"What they are flying are L-39 trainer aircraft which are lighter, less maintenance intensive, newer, but nowhere near as capable as the MiG and SU aircraft. All we really need to do to get a de facto no-fly zone is to destroy those aircraft," he argued.
That's one option.
But let's assume the United States insists on the more robust option of maintaining an actual no-fly zone over Syria. In Iraq, for example, the U.S. much of the air force intact on the ground opting to patrol the skies. How much would that cost?
According to Todd Harrison, senior fellow for defense budget studies at the Center for Strategic and Budgetary Assessments (CSBA), it depends first on the size of the zone one's patrolling.
"The larger the area you cover," said Harrison, "the more aircraft you have to have covering it at any given moment. And the amount of time you have aircraft in the air patrolling are driving the cost."
Flight hours, he said, drive the cost "more than anything."
The no-fly zones over Iraq covered 104,600 square miles. And in addition to the size of the zone, Harrison calculated the distance U.S. fighters flew from regional bases. The northern watch operated out of Turkey; the southern leg out of Saudi Arabia. But the bigger cost factor there was the time spent in the air on patrol rather than flying time from the bases to the zones, he said.
In Iraq, the per-flight hour cost was tied to operational tempo -- the number and pace of sorties, which require fuel and manpower. The price ranged from roughly $7,000 per square mile in the less active years to $23,000 when sorties were at their highest.
One way to limit that cost is to shrink the zone, or to keep aircraft out of the zone but defend it from afar using standoff weapons that can shoot down intruders.
"It's a matter of do you want to control the airspace or deny them use of the air space. Control versus denial is the first question," he said. "Denial is easier and less and expensive. Control requires more resources."
Additionally, the number of allies and partner forces that join in the operation would drive down costs to U.S. taxpayers.
Harrison said that CSBA's extensive cost prediction for a no-fly zone over Libya gives some insight into what a Syrian mission would cost. CSBA calculated in March 2011 that a "limited no-fly zone" just for the 230,000 square miles of populated Libyan territory north of the 29th parallel would cost $30 million to $100 million per week, or for over six months, roughly $1billion to $3.5 billion.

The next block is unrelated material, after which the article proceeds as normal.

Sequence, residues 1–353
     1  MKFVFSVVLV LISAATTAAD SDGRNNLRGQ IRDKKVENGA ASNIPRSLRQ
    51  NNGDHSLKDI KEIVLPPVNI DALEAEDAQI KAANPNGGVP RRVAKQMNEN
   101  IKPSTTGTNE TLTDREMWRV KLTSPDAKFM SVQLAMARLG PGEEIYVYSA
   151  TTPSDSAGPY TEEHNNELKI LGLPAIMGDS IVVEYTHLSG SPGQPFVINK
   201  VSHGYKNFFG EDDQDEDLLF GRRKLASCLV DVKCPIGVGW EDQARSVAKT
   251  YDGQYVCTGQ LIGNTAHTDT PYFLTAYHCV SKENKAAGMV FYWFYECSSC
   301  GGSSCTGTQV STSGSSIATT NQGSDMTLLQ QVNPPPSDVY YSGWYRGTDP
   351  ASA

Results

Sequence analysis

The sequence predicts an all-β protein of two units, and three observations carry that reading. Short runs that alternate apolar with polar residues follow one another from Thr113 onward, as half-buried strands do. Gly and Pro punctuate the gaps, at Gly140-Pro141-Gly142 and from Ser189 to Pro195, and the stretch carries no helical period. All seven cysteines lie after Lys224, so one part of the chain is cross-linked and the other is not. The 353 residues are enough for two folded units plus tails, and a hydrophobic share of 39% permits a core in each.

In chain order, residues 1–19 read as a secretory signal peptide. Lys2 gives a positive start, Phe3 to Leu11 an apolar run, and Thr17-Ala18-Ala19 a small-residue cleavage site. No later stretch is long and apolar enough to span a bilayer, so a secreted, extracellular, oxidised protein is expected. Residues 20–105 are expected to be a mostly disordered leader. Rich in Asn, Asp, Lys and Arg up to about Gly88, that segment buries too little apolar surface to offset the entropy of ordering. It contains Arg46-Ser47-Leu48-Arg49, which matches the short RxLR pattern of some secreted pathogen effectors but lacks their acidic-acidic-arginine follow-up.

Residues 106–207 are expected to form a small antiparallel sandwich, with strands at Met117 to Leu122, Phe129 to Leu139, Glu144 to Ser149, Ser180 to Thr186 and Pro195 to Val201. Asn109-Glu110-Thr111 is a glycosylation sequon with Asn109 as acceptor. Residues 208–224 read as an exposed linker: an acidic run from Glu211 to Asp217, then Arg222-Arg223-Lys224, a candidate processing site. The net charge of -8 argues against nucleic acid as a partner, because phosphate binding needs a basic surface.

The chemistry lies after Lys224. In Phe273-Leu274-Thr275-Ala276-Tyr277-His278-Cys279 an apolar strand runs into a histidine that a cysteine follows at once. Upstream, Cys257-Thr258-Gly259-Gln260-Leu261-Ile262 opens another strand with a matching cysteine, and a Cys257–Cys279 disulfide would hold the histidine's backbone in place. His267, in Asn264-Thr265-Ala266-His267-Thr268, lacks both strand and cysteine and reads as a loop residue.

But CSBA's prediction turned out to be two-thirds more expensive than the actual cost of the mission to the U.S. because two-third of the sorties ended up being flown by foreign aircraft -- yet another factor to consider.
By far, cruise missiles account for a large chunk of the total cost of any no-fly zone, no matter what comes next.
"A substantial cost of [the Libya] operation was incurred in the first week of that campaign," he said. There, on March 19, 2011, the United States began with bombs dropped from B-2 bombers flown from Missouri and launched 200 Tomahwawk cruise missiles.
So, on the back of the E-Ring's monogrammed napkin, we find that all of Syria is about 71,000 square miles, or 31 percent the size of the Libyan no-fly zone. That puts the cost to sustain a no-fly zone over all of Syria at about $9 million to $31 million per week.
But it's likely that the United States and its allies would only need to patrol a much small areas, so the cost should be even less.
"There isn't an easy -- or single -- answer," said Joint Chiefs of Staff spokesman Col. David Lapan, who added to the list of considerations the types of aircraft used, the amount of intelligence required, and Syria's response.
"And it's not about cost," he said. "It's about military objectives and decisions on options."
Photo by ACHILLEAS ZAVALLIS/AFP/Getty Images
Kevin Baron reports on the people and policies driving the Pentagon and the national security establishment in The E-Ring.